Though I would have never said this out loud as a child, my beliefs about God went something like this: The only time God had pleasure was when he first created man and woman. Then they "fell" in the garden. We've had to work ever since then to please him. Of course, I always felt like I came up short.
However, during the viewing of that movie a long time ago, a seed was planted. It was a small seed of hope, but over the years it has sprouted and grown. The seedling has had to fight with all kinds of elements to keep growing and push its way to the surface, breaking through some tough thinking. But over time, I began to believe that it IS possible for us to feel God's pleasure when we do what we love.
I had forgotten about the movie until one day when I was playing the piano in the lobby at PennState Health, someone requested the theme song from Chariots of Fire and as soon as I began to play it, I remembered the little seed and was amazed how much my thoughts have changed since I first saw the movie years ago.
There are definitely certain songs that get an immediate reaction from the listener. I can see it clearly from my spot on the piano bench and I could see a flicker of light in their eyes as I played the simple but evocative melody. It seemed as if hearing the melody was stirring something very special in their soul. I felt it too. I wondered if they had the same reaction to the movie as I did.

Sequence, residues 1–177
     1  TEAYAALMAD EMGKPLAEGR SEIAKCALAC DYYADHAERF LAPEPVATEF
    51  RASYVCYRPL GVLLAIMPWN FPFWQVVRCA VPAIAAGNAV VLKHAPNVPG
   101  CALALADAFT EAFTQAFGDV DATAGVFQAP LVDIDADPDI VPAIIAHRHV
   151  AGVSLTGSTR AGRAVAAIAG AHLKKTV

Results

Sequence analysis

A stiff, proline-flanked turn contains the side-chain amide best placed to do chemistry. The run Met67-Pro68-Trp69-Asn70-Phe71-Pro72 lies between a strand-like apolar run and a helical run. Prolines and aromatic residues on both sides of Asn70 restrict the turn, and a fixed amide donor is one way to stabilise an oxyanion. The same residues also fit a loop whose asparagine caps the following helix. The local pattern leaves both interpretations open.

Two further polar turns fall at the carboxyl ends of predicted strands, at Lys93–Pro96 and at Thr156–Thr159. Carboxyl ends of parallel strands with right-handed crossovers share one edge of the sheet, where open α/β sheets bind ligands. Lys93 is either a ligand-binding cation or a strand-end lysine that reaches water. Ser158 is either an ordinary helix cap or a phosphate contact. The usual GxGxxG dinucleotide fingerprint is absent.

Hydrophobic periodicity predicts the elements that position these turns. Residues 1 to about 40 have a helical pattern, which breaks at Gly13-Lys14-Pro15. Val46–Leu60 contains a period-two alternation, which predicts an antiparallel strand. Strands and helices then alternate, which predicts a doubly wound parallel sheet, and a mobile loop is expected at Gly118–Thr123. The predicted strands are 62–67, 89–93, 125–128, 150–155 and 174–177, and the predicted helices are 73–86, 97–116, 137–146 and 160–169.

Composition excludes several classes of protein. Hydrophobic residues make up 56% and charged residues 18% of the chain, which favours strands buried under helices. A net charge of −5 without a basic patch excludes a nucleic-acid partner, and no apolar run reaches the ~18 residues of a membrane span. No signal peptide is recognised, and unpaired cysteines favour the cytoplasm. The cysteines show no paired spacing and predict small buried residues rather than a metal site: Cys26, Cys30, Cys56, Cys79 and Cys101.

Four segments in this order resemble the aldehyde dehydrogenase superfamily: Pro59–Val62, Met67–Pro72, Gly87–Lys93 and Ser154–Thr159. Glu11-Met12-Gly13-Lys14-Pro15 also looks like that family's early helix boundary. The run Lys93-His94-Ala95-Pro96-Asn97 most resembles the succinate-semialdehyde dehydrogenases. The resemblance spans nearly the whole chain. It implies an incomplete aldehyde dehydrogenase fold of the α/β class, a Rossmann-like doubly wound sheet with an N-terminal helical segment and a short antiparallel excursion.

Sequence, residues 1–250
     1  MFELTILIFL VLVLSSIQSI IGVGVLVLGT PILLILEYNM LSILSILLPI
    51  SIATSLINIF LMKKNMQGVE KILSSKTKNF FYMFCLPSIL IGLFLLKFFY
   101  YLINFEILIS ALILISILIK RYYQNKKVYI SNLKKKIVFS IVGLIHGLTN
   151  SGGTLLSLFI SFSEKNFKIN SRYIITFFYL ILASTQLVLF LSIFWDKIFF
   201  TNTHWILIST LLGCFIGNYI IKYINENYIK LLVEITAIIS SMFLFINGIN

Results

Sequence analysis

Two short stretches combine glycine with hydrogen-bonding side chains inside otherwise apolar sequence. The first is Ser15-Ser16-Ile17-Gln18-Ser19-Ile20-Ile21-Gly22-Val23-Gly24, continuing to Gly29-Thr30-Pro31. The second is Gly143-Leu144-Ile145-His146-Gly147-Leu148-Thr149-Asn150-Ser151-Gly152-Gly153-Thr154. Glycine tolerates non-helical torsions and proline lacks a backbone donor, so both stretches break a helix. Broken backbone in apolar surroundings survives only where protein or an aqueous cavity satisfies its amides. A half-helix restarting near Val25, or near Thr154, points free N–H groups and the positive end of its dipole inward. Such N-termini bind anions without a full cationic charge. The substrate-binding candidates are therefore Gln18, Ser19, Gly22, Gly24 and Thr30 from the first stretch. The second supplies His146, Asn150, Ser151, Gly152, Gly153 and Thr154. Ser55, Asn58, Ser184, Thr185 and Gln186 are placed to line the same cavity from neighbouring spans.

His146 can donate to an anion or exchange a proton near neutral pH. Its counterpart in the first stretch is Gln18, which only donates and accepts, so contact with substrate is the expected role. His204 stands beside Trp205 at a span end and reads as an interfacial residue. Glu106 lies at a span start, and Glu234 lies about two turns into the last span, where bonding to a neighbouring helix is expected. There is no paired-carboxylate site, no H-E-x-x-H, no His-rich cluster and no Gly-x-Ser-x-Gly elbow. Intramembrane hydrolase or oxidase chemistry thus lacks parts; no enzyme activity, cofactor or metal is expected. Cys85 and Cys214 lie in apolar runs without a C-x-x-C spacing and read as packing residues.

Playing the piano at this venue every week allows me the luxury of paying very close attention to people and how they respond to songs. Unlike most of my concerts, where I share my story by creatively weaving stories, music, humor and media together (which I also love), this is the one time I can just sit down at the piano and play.
I've added that theme song into my repertoire when I play at the hospital. I love to watch the reaction of those who pass by. One day I was playing the song and someone came over to the piano, with watery eyes and a shaky voice, obviously struck with emotion. He couldn't thank me enough. He tried to express what this meant to him but he really didn't need to say much. I saw that same familiar flicker of hope in his eyes.
I think we could all benefit from the reminder that we each come with a unique gift and personality. There are thousands of piano players, but only one Frances Drost and how I might play a song is very different than the next pianist and that's what makes us each unique.
You're the only one of YOU the world will ever know. I believe God loves it when you find what it is you love to do. And when you do THAT, he smiles with pleasure and I believe he is pleased because we are doing exactly what he created us to do.